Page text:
«Technische Universität München As marketing expenditures in the Internet rush, effectiveness and efficiency become increasingly relevant. ...»
Second, we were unable to increase consumers’ acceptance and decrease the perceived intrusiveness of the targeted advertisements by arguing that targeting would make them more interesting. The ineffectiveness of the relevance mechanism is a surprising result because several studies report that many consumers prefer relevant advertisements (McDonald; Cranor, 2010; Turow et al., 2010) and advertisers often use this argument to justify targeting practices and even to collect data for predictive targeting. It seems that consumers do not believe that targeting makes advertisements more interesting or they do not consider highly relevant advertisements sufficiently beneficial. Milne and Gordon’s (1993) conjoint study supports this view, showing advertising relevance received a substantially smaller importance weight than compensation.
Third, the studies show that in the context of free content, under certain conditions, surfers are highly concerned about distributive justice. Surfers exposed to a blatant reciprocity primer not only are more willing to share data for targeting purposes but also perceive targeted advertisements as less intrusive. As such, the studies show that findings on pay-what-you-want pricing mechanisms (Kim; Natter; Spann, 2009) can be transferred to the online world. Our findings suggest that consumers consider targeted advertising an alternative “online currency” to voluntarily repay a website for benefits received after they are informed of the challenges related to offering free content. This result is particularly noteworthy because previous research reveals that altruistic, prosocial behavior is often motivated by the desire for status and social acceptance (e.g., Greenberg, 1980; Griskevicius; Tybur; van den Bergh, 2010). In contrast, our studies show that even in a fully anonymous business-to-consumer Internet environment, the idea of a self-oriented, purely rational, utility-maximizing user does not hold true. Therefore, our findings might even be applicable to contexts other than Internet advertising. In general, activating the norm of reciprocity might be a principle to finance “for-free” online business models.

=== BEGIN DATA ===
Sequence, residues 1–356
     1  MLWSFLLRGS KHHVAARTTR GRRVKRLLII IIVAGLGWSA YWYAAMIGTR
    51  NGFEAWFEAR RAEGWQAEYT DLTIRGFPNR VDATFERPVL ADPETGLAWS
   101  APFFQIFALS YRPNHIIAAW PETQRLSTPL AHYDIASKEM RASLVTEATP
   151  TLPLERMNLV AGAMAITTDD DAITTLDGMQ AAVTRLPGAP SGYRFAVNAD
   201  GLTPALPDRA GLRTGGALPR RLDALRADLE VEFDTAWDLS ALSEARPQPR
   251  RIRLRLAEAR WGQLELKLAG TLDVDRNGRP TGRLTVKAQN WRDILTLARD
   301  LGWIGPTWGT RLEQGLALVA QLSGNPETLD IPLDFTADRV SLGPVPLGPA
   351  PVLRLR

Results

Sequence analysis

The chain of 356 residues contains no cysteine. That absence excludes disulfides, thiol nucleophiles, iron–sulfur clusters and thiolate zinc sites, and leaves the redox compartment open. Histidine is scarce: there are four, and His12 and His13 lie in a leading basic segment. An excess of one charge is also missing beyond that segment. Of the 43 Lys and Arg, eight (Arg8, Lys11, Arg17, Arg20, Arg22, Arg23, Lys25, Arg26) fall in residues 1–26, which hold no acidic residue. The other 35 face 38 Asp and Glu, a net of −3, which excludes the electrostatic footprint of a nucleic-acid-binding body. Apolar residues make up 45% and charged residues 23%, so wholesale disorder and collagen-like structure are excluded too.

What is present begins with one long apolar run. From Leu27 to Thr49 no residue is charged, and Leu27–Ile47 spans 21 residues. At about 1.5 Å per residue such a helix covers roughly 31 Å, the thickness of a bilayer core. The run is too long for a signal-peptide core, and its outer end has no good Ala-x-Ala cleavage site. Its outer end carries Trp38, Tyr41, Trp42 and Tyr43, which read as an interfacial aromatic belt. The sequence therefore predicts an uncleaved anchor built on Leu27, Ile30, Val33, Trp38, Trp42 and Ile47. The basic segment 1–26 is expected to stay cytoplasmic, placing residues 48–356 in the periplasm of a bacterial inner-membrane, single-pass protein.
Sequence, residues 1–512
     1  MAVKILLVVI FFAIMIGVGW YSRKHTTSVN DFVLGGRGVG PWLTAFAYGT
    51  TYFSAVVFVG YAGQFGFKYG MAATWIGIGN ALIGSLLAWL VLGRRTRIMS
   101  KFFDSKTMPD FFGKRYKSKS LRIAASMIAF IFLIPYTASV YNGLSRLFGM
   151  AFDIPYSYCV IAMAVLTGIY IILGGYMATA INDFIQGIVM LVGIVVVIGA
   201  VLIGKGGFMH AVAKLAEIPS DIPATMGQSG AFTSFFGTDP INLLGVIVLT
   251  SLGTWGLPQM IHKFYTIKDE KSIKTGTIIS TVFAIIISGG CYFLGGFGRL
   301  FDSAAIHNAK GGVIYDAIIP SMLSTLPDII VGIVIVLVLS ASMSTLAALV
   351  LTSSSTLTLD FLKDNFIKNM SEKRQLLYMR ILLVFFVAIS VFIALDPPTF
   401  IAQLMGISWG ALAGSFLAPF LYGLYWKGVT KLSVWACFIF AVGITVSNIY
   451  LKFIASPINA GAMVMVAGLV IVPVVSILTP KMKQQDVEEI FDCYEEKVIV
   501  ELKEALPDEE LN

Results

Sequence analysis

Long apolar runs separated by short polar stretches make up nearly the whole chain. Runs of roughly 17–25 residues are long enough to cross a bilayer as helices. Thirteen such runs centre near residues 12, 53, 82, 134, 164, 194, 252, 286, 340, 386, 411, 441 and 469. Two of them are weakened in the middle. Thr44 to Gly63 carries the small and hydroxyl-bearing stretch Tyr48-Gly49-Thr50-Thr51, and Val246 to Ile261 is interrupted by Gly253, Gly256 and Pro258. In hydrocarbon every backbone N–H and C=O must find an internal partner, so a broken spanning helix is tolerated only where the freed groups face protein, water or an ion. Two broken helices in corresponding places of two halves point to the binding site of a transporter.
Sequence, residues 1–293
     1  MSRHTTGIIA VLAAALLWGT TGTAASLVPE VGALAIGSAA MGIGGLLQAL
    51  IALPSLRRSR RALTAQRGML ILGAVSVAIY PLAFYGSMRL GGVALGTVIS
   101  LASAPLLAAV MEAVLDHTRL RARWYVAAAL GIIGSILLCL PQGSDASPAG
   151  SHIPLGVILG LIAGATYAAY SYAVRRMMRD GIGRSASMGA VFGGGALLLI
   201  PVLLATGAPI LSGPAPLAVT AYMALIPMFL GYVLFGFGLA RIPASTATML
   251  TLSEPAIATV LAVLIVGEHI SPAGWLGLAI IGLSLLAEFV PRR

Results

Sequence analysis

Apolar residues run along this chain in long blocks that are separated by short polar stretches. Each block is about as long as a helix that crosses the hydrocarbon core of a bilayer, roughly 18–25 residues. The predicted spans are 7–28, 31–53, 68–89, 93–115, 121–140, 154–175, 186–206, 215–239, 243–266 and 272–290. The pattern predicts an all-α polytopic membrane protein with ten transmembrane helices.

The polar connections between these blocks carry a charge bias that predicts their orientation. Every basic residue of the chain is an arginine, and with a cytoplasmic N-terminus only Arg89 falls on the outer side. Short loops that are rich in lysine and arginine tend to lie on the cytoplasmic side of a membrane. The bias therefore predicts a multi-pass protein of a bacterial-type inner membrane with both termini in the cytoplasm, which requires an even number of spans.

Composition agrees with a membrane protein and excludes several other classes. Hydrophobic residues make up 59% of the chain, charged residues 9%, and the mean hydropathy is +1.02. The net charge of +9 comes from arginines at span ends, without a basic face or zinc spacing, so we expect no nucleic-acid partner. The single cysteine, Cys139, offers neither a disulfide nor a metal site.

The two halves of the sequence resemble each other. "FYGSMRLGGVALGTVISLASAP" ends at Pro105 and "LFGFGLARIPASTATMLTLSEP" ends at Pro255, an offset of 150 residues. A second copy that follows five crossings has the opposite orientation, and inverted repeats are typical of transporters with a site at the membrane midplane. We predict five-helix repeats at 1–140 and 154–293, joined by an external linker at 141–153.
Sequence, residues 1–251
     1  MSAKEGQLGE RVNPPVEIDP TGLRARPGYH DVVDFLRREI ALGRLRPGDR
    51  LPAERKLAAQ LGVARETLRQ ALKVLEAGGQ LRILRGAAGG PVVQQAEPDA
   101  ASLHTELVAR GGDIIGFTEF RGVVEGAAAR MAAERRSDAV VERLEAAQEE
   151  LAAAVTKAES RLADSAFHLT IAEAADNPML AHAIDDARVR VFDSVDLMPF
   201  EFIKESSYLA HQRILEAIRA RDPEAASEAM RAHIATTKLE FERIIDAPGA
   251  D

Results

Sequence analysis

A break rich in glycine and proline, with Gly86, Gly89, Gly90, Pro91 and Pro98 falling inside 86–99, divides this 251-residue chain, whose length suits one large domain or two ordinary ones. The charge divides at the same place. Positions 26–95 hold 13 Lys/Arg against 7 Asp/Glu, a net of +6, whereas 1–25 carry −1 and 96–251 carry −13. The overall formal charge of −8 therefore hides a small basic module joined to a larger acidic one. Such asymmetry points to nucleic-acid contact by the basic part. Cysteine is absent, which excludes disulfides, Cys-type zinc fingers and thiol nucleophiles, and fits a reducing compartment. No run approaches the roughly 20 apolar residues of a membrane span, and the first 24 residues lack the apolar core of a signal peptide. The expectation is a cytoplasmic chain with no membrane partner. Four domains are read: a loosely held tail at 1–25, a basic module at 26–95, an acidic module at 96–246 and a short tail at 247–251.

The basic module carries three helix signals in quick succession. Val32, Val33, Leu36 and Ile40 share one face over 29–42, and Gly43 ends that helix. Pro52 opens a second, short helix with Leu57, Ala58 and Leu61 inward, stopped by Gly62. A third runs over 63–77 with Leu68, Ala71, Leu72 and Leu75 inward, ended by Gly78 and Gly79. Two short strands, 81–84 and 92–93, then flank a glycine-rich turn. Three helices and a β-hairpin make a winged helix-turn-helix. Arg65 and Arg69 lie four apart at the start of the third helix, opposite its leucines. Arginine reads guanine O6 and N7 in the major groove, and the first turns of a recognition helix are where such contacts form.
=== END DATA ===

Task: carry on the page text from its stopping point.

We believe that a core strength of this article is that it validates the findings on consumers’ willingness to reciprocate online with real behavioral data with an extremely large sample size. We report real click rates, which is rare in academic literature because of confidentiality requirements of most industry partners.
5.2. Managerial Implications Many websites offering predictive behavioral targeting can benefit immediately from our findings related to priming reciprocity by changing their teasers when conducting predictive targeting surveys. Doing so would enable them to collect more profiles and thus offer more efficient targeting. In Study 2, we were able to increase the number of completed predictive targeting surveys by 379% and 591%, respectively. Furthermore, Study 1 shows that appealing to reciprocity can increase the number of people choosing to opt-in, or conversely, reduce the number of people opting out of behavioral targeting.